UPDATED clinical guidelines for pregnancy care recommend early routine testing for hepatitis C, the discontinuation of routine testing for vitamin D status, offering advice to pregnant women about weight, diet and physical activity, and the chance to be weighed at each antenatal visit, according to the authors of a guideline summary published today by the Medical Journal of Australia.
The update represents a streamlining of the guidelines with the consolidation of two separate editions (2012 and 2014) into a single document. Eleven topics have been updated and new guidance on substance use in pregnancy has been added.
The updated guidelines include the following key changes to practice:
recommend routine testing for hepatitis C at the first antenatal visit;
recommend against routine testing for vitamin D status in the absence of a specific indication;
recommend discussing weight change, diet and physical activity with all pregnant women; and
recommend offering pregnant women the opportunity to be weighed at every antenatal visit and encouraging women to self-monitor weight gain.
“The guidelines will enable pregnant women diagnosed with hepatitis C to be identified and thus avoid invasive procedures that increase the risk of mother-to-baby transmission,” wrote the summary authors, led by Professor Caroline Homer, Co-Program Director (Maternal and Child Health) at the Burnet Institute in Melbourne, and Visiting Professor of Midwifery at the University of Technology Sydney.
“Women can be treated postpartum, reducing the risk of liver disease and removing the risk of perinatal infection for subsequent pregnancies.
“Routine testing of all pregnant women for vitamin D status and subsequent vitamin D supplementation is not supported by evidence and should cease as the benefits and harms of vitamin D supplementation remain unclear.
“The recommendation for health professionals to provide advice to pregnant women about weight, diet and physical activity, and the opportunity to be weighed will help women to make changes leading to better health outcomes for themselves and their babies.”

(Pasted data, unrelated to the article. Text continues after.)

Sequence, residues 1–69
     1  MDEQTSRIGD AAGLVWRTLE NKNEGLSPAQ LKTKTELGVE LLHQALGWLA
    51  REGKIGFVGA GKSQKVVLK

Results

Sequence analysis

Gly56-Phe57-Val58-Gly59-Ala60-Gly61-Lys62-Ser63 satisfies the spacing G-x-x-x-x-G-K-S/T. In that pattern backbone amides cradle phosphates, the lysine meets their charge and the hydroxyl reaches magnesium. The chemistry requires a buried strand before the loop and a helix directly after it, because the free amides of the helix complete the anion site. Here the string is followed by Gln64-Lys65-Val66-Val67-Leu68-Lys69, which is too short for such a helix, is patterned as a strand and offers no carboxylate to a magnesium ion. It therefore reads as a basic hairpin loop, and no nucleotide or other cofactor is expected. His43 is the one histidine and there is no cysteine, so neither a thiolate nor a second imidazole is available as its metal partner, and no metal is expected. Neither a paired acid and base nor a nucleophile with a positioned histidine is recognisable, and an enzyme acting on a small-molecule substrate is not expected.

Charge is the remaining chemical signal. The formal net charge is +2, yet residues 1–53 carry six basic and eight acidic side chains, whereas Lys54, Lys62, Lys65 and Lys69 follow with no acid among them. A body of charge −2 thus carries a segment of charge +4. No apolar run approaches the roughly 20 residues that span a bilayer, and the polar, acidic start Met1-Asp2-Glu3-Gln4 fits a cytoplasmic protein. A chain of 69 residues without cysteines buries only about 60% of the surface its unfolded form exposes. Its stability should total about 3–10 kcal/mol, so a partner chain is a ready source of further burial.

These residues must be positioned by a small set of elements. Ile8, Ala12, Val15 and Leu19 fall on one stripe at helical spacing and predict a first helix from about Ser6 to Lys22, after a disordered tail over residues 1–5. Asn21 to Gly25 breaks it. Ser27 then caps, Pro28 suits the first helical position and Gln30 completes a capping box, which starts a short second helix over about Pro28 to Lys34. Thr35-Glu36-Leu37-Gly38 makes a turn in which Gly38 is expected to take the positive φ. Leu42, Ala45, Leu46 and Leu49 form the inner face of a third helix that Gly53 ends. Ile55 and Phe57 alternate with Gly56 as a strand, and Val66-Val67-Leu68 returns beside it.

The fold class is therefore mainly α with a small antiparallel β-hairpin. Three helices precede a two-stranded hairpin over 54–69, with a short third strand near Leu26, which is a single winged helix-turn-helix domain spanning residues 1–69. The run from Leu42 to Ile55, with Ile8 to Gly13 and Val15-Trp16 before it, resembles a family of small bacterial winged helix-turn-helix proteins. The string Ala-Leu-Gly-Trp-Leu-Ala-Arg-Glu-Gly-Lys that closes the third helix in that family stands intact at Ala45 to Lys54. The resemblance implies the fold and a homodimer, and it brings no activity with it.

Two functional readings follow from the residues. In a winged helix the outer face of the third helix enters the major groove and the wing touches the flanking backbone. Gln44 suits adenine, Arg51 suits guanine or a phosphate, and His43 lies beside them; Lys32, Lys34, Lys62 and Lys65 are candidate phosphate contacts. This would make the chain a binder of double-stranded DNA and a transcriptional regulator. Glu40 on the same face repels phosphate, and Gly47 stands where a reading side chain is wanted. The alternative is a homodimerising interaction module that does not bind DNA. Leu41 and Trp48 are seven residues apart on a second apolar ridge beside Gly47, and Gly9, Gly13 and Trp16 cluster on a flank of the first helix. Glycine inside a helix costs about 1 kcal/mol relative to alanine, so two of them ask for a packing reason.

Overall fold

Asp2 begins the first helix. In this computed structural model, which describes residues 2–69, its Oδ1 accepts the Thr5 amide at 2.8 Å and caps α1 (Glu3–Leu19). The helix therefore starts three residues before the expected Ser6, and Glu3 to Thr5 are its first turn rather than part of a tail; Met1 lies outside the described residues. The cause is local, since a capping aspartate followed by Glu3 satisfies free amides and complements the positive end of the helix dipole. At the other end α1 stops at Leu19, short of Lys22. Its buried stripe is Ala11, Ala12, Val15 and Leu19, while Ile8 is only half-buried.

The guidelines are intended “for all health professionals who contribute to antenatal care including midwives, obstetricians, general practitioners, practice nurses, maternal and child health nurses, Aboriginal and Torres Strait Islander health workers and allied health professionals,” Homer and colleagues wrote.
While they are not intended to be a consumer resource, they are publicly available and can also be accessed by women and the media seeking information on antenatal care at https://beta.health.gov.au/resources/publications/pregnancy-care-guidelines-and-related-documents.
“The next challenge is to facilitate the uptake of the guidelines and their incorporation into routine care so that the women of Australia receive the highest possible quality of maternity care,” Homer and colleagues wrote.
“We trust that the guidelines will contribute to greater consistency in pregnancy care and improve the experience and outcomes of pregnancy care for women and their families.”
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